On December 14, 2023, the U.S. Senate passed the Revising Existing Procedures on Reporting via Technology (“REPORT”) Act (S. 474), which, among other provisions, would impose new obligations on providers to report additional categories of online child sexual abuse material (“CSAM”) under 18 U.S.C. § 2258A. 

Section 2258A requires electronic communication service providers and remote computing service providers to report, as soon as reasonably possible after obtaining actual knowledge, apparent violations of certain provisions of federal law pertaining to child exploitation or CSAM to the National Center for Missing and Exploited Children’s (“NCMEC”). 

The REPORT Act would expand this obligation to include apparent violations involving (1) child sex trafficking in violation of 18 U.S.C. § 1591, and (2) coercion or enticement of a minor to engage in prostitution or other illegal sexual activity in violation of 18 U.S.C. § 2422(b).  The bill would not otherwise change the actual knowledge requirement in § 2258A(a)(1).

The bill’s provisions would also:

  • Increase the penalties for providers that “knowingly and willfully” fail to make a report to NCMEC, to as much as $850,000 for providers with at least 100 million monthly active users that fail to make an initial report, and $1 million for providers with at least 100 million monthly active users that subsequently fail to make a second or additional report;
  • Establish liability protections for vendors retained by NCMEC, and require these vendors to minimize access to CSAM, deploy end-to-end encryption for the storage and transfer of these visual materials, and undergo independent annual cybersecurity audits;
  • Grant liability protections to minors depicted in CSAM (or their legal representatives) who report the materials to NCMEC; and  
  • Extend the period of time for which providers that report CSAM must securely preserve the contents of the report and any materials conmingled with it, from 90 days under current law to one year.  The bill would further permit providers to voluntarily preserve reports for longer than one year, for the purpose of reducing the proliferation of child sexual exploitation online.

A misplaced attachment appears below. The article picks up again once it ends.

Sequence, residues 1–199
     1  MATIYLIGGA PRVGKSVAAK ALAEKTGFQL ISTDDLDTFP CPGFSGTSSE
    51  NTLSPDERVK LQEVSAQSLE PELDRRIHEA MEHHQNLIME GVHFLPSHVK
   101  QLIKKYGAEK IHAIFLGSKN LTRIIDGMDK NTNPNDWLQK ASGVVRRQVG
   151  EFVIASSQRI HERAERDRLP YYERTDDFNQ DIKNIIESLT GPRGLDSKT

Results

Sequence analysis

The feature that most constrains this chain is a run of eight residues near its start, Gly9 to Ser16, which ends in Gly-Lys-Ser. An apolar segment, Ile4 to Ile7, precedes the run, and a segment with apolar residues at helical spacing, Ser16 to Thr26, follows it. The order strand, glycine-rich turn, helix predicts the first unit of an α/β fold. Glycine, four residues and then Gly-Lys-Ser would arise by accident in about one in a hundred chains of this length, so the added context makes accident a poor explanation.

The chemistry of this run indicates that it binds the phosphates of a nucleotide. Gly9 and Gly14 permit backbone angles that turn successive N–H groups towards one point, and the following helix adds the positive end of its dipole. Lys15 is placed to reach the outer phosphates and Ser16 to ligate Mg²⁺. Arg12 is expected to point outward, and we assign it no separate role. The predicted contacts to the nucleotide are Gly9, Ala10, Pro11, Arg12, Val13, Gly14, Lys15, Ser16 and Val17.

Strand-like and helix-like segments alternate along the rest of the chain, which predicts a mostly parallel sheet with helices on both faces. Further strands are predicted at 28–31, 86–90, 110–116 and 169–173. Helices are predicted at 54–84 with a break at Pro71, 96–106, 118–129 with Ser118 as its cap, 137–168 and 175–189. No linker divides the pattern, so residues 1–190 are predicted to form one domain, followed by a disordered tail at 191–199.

While the REPORT Act has been passed only by the Senate, Representatives Laurel Lee (R-FL) and Madeleine Dean (D-PA) are leading substantially similar companion legislation in the House (H.R. 5082).  Bipartisan support for the bill in both chambers of Congress makes it a strong contender for passage next year. 

Print:
Email this postTweet this postLike this postShare this post on LinkedIn
Photo of Nicholas Xenakis Nicholas Xenakis

Nick Xenakis draws on his Capitol Hill experience to provide regulatory and legislative advice to clients in a range of industries, including technology. He has particular expertise in matters involving the Judiciary Committees, such as intellectual property, antitrust, national security, immigration, and criminal…

Nick Xenakis draws on his Capitol Hill experience to provide regulatory and legislative advice to clients in a range of industries, including technology. He has particular expertise in matters involving the Judiciary Committees, such as intellectual property, antitrust, national security, immigration, and criminal justice.

Nick joined the firm’s Public Policy practice after serving most recently as Chief Counsel for Senator Dianne Feinstein (C-DA) and Staff Director of the Senate Judiciary Committee’s Human Rights and the Law Subcommittee, where he was responsible for managing the subcommittee and Senator Feinstein’s Judiciary staff. He also advised the Senator on all nominations, legislation, and oversight matters before the committee.

Previously, Nick was the General Counsel for the Senate Judiciary Committee, where he managed committee staff and directed legislative and policy efforts on all issues in the Committee’s jurisdiction. He also participated in key judicial and Cabinet confirmations, including of an Attorney General and two Supreme Court Justices. Nick was also responsible for managing a broad range of committee equities in larger legislation, including appropriations, COVID-relief packages, and the National Defense Authorization Act.

Before his time on Capitol Hill, Nick served as an attorney with the Federal Public Defender’s Office for the Eastern District of Virginia. There he represented indigent clients charged with misdemeanor, felony, and capital offenses in federal court throughout all stages of litigation, including trial and appeal. He also coordinated district-wide habeas litigation following the Supreme Court’s decision in Johnson v. United States (invalidating the residual clause of the Armed Career Criminal Act).

Photo of Diana Lee Diana Lee

Diana Lee is an associate in the firm’s London office and a member of the Data Privacy and Cybersecurity Practice Group. Diana’s practice focuses on regulatory, enforcement, and litigation matters relating to electronic surveillance, law enforcement access to digital evidence, and data privacy…

Diana Lee is an associate in the firm’s London office and a member of the Data Privacy and Cybersecurity Practice Group. Diana’s practice focuses on regulatory, enforcement, and litigation matters relating to electronic surveillance, law enforcement access to digital evidence, and data privacy and cybersecurity. Before rejoining the firm, she clerked for Judge Victor A. Bolden, United States District Judge for the District of Connecticut.

Diana is a member of the Bars of New York and the District of Columbia.